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An IUD in Me: Or, Don't Believe Everything You Read on the Internet

Illustration for article titled An IUD in Me: Or, Dont Believe Everything You Read on the Internet

For the foreseeable future, I want my uterus to be a harsh place that can sustain no life.


Less than 1 out of 100 women a year will get pregnant after selecting an IUD as their form of birth control. Understanding this, and the fact that an IUD would not protect me against STI’s, I decided to bite the bullet and obtain an IUD of my own. The IUD pictured is the one currently in me. I selected Skyla, a hormone releasing IUD that lasts for three years. Skyla is relatively smaller when compared to Paragard or Mirena, and seems to be marketed towards younger women who have yet to begin their families. Honestly, I selected Skyla simply because it was the smallest of the three options.

If you are anything like me, you scour the internet not only for inanity, but to whip yourself into a frenzy over any conceivable medical malady. WebMD self-diagnosing is one of my favorite past-times. My OB/GYN fell ill on Friday, the day she was supposed to insert my IUD. My procedure was rescheduled for today. From Friday evening until 7AM this morning, I rummaged through various forums, blogs, webpages, anything, searching for information about what awaited me.

The majority of information I found was terrifying. Going off what I had read, not even the cenobites could unleash a grizzlier torture on a cervix. The credo seemed to be consistent, the pain I would be filling would be “THE WORST PAIN” of my life. My IUD would stab through my uterus like an extraterrestrial life-form in Alien. The device would discharge and expel from my uterus like a vengeful ghost. My OB/GYN was not my ally. My OB/GYN was a banshee, and a harbinger of my doom.

I should not have to tell you this. But. Don’t believe everything you read on the internet.

What actually happens is something far less sinister. The purpose of this post is to show a different perspective (when compared to other IUD insertion stories on the internet) on what occurs during a very standard women’s health procedure.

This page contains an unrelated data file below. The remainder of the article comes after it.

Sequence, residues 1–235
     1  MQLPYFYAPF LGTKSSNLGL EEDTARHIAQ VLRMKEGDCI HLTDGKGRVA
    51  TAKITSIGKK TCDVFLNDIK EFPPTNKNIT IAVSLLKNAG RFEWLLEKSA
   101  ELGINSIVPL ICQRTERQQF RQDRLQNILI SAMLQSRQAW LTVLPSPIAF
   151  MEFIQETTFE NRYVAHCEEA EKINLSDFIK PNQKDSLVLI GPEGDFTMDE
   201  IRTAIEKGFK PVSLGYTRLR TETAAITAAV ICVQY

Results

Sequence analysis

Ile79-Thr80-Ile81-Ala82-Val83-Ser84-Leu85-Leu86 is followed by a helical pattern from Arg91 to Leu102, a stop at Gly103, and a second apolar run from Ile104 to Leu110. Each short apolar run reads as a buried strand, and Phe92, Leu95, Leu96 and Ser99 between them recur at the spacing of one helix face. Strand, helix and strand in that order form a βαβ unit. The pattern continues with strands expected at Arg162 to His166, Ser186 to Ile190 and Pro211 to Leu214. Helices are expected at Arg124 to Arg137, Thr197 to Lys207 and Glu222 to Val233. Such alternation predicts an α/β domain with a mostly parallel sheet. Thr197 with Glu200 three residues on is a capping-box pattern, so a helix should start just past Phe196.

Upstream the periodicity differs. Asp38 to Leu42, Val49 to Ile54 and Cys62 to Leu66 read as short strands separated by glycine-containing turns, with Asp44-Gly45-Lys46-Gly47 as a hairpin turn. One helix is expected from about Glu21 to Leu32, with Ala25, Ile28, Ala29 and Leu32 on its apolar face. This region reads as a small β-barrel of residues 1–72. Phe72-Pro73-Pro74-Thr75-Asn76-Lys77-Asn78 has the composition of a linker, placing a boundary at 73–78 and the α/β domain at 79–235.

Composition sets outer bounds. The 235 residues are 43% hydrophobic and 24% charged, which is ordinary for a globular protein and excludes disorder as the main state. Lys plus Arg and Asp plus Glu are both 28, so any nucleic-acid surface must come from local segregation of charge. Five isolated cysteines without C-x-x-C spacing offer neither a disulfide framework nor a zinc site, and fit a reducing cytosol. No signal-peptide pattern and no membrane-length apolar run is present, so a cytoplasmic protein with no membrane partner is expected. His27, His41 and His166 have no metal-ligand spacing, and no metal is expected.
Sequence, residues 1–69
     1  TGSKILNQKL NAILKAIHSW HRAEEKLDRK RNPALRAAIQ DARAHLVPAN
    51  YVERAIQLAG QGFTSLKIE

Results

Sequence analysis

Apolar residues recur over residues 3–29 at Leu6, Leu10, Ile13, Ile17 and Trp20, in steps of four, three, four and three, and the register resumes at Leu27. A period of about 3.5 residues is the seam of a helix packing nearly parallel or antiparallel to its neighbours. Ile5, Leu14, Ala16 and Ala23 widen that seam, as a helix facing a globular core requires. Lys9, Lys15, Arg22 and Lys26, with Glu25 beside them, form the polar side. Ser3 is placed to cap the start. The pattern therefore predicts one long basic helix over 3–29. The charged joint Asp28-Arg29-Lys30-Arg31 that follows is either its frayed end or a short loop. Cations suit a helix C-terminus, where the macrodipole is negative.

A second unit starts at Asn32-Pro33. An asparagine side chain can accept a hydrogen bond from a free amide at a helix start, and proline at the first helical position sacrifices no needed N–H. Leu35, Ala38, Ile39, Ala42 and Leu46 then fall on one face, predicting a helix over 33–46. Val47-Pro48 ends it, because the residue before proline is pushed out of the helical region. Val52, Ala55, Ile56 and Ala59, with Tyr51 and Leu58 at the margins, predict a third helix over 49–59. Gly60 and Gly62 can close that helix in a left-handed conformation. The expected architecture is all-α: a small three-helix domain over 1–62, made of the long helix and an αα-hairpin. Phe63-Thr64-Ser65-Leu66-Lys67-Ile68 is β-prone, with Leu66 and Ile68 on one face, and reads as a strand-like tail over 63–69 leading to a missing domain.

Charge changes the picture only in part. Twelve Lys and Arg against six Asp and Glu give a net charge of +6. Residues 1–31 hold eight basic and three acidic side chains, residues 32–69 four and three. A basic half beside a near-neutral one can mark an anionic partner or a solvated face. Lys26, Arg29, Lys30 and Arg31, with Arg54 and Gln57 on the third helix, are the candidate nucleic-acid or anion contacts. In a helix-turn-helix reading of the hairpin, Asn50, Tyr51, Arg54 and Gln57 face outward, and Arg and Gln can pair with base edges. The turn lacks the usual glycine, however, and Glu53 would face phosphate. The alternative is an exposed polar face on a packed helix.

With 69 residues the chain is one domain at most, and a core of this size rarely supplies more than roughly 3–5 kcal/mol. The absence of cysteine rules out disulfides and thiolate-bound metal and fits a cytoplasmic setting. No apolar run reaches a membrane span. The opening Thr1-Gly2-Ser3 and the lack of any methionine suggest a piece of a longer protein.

I left a staff meeting this morning and drove straight to my OB/GYN’s office. On the way, I played Amon Amarth and Ensiferum, in an attempt to hype myself up. I strolled up to my OB/GYN’s office ready to conquer anything, including a small “t” shaped piece of plastic and hormones. I was ready.

After urinating in a cup in order to ensure my uterus was empty prior to being inserted, and taking 600mg of ibuprofen, I tottered into the room my procedure would be done in, took off every item of clothing on my lower body, and waited.

It was in these moments that my courage began to waver. Doubt came as swiftly as a plague. What if the procedure went awry?

As soon as my OB/GYN entered the room, my fears began to subside. I pointed to tools that were laid out on a table next to the examination chair I was sitting in. When I asked if I could receive an anesthetic, my Doctor said that administering it draws out the IUD process and could make the whole procedure a bit more painful. That’s all I needed to here. I declined the shot. The insertion began. I was also pretty excited to have my uterus measured, and was somewhat bummed to find that my uterus is perfectly averaged sized.

Honestly, the pain was not as bad as I thought it would be. The most equatable feeling I have is losing my virginity (sorry Mom, but virginity is nothing but a social construct). Much like my first foray into consensual sex, the discomfort of receiving an IUD was over quickly, but the results were worth it. When the IUD was being inserted through my cervical canal and into my uterus, it felt as if someone was twisting my organs from the inside, but only for a split second. During the preparation phase (when the duckbill of death was placed inside me) I felt like I had to defecate, but once again, my Doctor said that this was normal.

To me, the worst part was not the insertion of the IUD itself, but instead, the intense cramping afterwards. Having never been in labor, I have nothing to compare what I felt to, except the feeling of very bad period cramps. After lying down for a bit, the Doctor allowed me to drive home, and I was able to go to work tonight with no problems.

Now, I do not want to take away from the experiences of those who had an IUD inserted and felt a great deal of pain. The experiences of those individuals are valid, and theirs, and nobody can take that away from them. That being said, in my opinion, IUD’s are worth the pain when compared to everything that you gain from them. I am ecstatic that my uterus (at least for now) can now officially be a haunted graveyard.

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